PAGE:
Chestnut oaks (and their cousins in the “white oak” group) send down roots in the fall, racing against rodents. Once rooted, the seedling can survive the predatory munchings of mice and chipmunks. When temperatures warm in the spring, leafy shoots emerge: hopeful bids for a place in the canopy decades hence.
Red oaks have a different germination strategy. They load their acorns with bitter tannins. A bite on one of these poisoned seeds puckers your mouth; swallow one and your gut clenches. White oaks are sweeter to the palate. Thus defended, the red oak waits out winter inside its protective coat, poking out a root when winter is finally done.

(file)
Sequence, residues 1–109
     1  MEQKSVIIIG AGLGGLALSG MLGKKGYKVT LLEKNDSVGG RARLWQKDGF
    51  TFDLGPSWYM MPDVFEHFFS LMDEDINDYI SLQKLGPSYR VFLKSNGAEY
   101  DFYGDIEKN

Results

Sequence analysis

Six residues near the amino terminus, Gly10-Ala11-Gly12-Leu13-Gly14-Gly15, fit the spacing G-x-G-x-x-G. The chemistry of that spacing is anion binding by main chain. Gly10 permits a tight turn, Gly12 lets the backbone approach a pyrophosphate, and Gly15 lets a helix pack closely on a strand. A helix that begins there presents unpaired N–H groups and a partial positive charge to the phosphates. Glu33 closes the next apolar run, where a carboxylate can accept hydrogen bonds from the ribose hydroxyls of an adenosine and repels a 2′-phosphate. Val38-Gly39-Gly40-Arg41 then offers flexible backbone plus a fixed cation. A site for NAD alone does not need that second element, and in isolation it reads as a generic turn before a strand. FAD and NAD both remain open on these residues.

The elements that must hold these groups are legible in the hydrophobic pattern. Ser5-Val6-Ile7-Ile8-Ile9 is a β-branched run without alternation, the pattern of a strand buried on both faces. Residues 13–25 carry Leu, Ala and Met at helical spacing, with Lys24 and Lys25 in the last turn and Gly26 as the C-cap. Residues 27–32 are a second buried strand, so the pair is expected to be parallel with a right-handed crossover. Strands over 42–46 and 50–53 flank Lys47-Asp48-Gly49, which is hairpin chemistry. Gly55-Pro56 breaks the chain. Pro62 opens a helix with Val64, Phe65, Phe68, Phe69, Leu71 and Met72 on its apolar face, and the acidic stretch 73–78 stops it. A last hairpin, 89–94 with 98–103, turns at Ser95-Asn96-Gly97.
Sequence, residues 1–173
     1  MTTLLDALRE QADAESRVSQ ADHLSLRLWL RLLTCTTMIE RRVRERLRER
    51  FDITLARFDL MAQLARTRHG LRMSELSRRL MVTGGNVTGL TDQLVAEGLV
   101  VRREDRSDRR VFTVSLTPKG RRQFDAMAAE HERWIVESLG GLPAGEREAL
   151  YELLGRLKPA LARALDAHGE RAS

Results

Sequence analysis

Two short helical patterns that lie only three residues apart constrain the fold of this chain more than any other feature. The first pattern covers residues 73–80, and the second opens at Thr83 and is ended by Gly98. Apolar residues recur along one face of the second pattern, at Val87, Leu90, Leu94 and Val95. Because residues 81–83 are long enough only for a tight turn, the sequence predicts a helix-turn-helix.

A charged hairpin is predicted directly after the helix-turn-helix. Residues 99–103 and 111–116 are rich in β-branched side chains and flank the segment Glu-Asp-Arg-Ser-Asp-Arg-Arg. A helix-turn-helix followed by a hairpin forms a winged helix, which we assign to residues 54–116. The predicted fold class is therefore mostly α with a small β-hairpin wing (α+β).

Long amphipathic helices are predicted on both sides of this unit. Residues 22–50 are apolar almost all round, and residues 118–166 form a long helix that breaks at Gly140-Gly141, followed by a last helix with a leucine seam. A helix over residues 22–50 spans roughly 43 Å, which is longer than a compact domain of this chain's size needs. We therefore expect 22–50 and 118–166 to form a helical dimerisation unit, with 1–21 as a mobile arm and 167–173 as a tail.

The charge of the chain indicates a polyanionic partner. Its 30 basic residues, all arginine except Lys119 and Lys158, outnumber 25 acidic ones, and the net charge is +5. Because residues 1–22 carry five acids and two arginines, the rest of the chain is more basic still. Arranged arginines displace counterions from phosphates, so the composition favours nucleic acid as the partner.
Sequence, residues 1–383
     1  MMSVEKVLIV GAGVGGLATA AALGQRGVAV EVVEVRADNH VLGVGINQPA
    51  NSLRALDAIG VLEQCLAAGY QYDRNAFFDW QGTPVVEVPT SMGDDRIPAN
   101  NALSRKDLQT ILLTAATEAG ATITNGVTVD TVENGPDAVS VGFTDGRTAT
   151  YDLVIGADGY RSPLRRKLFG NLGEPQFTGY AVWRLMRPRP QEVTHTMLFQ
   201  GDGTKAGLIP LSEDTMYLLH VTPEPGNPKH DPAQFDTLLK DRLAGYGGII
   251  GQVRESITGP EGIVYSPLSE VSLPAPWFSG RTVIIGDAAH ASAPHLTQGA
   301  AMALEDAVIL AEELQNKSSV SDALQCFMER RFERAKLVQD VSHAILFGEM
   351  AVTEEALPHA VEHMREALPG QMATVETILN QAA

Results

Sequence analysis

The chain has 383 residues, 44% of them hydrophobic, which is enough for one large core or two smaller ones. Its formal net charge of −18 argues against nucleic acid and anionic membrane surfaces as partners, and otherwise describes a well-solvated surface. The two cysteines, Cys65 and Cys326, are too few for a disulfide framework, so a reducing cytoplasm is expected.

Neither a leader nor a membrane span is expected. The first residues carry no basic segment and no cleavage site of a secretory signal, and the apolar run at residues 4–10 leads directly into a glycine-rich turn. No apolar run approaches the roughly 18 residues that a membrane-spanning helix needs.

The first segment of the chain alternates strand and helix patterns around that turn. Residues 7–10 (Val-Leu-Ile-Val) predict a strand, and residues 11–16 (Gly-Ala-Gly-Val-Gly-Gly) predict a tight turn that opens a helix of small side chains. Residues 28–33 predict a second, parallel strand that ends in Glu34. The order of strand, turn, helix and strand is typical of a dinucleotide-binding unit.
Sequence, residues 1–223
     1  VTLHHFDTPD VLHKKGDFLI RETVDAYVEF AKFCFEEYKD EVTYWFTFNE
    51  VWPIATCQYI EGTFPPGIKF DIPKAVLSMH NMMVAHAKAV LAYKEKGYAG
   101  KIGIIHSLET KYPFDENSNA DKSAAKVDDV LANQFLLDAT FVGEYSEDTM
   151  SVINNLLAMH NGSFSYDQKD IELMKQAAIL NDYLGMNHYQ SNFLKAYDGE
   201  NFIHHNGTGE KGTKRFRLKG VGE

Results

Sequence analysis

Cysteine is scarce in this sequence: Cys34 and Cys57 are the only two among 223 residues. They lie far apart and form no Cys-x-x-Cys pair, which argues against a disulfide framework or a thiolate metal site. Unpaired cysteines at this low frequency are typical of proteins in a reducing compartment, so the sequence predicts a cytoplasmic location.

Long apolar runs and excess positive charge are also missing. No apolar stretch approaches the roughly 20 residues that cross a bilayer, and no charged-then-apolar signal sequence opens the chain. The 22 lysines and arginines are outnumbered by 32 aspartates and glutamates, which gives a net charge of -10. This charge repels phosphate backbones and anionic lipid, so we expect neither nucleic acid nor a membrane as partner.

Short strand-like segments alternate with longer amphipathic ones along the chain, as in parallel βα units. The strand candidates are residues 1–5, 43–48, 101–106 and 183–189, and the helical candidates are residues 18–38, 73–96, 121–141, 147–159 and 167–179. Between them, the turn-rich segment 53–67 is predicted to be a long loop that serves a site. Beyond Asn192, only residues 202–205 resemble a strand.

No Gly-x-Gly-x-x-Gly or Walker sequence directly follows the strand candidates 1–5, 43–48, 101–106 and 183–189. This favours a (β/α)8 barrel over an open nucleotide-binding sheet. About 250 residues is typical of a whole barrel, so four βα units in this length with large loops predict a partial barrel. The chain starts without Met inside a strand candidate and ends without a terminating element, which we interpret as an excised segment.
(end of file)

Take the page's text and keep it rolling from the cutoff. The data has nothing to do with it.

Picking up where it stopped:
Shoots rise, roots descend. The growing season is underway.